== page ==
Study focuses on bald eagle boom along the Front Range

Front Range corridor includes nests of birds once rare in the state

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It’s no secret that the human population on Colorado’s Front Range is expanding. State officials predict that in the 10-year range from 2019 to 2029, Colorado will grow by more than 800,000 people, with about 87% of them settling in the Front Range.

More perplexing, however, is that another population is growing in that same densely populated urban corridor: bald eagles.

According to Colorado Parks and Wildlife (CPW), the whole state of Colorado had just three known bald eagle nests by the end of the 1970s. Today, the state is home to more than 200 nests — some in “unconventional” locations, like the Front Range.

This could explain why people who frequent Denver’s City Park have become accustomed to seeing bald eagles in the area.

“We know that our population of eagles has increased in this area,” said Reesa Conrey, an avian researcher with CPW. “And we know that our population of humans is also increasingly very rapidly.”

CPW is embarking on a four-year study to learn why these eagles — the national bird of the United States — are settling in urban areas that are often disrupted by construction and other human activity.

The U.S. Fish and Wildlife Service and the Bird Conservancy of the Rockies also are participating in the study, which will be the “most comprehensive bald eagle monitoring project ever done by CPW,” according to a news release.

According to CPW officials, Colorado’s eagle population declined in the mid-20th century due to human disturbance, loss of habitat, and DDT, a pesticide that poisoned the birds and made their egg shells extra thin. The egg shells “often broke during incubation or otherwise failed to hatch,” according to the USFWS.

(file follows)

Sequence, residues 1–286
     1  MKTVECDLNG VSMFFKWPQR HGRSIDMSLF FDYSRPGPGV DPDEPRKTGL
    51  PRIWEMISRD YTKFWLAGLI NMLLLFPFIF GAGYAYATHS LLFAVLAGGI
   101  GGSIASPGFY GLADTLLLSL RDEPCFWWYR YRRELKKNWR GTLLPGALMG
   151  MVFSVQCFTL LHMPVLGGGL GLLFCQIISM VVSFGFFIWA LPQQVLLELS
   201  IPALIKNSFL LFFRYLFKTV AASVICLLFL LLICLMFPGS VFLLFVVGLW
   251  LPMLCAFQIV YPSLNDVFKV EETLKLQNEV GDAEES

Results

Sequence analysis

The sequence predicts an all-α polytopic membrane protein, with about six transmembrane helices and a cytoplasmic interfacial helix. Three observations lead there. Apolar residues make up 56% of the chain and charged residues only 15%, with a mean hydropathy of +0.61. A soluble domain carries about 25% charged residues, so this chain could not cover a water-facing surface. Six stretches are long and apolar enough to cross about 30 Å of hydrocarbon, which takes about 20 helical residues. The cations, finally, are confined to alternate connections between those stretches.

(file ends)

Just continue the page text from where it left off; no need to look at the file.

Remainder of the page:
DDT was banned in 1972, and the eagle population nationwide rebounded as a result to the point that in 2007, the iconic birds were removed from the endangered species list. (Eagles are still protected under both the Migratory Bird Treaty Act and the Bald and Golden Eagle Protection Act.)

Despite all the development on the Front Range since the 1970s, the state has also made it an easier place to settle with the construction of reservoirs.

The first bald eagle nest in the Front Range was established in Barr Lake State Park in Adams County in 1986, Conrey said. Storms destroyed that nest and six others over the course of many years, including a nest in 2021. The eagles are currently rebuilding their nests at Barr Lake.

For this research project, CPW is using GPS transmitters to track the eagles in the northern Front Range.

According to CPW, “results from the monitoring effort will be used to model the bald eagle population trajectory and expected impacts of predicted future land use change. Biologists will then make data-driven recommendations on minimizing and mitigating disturbances of the bald eagle’s environment essential to its survival.”

Researchers hope the data will help them identify ways to preserve and develop ideal eagle habitat in urban areas as well as better understand the birds’ tolerance to human activity.

Conrey said she also hopes the results will help the state give “better recommendations to developers, consultants [and] the general public to make sure that eagles are being managed properly and will continue to be successful here.”

This story is from Rocky Mountain PBS, a nonprofit public broadcaster providing community stories across Colorado over the air and online. Used by permission. For more, and to support Rocky Mountain PBS, visit rmpbs.org.

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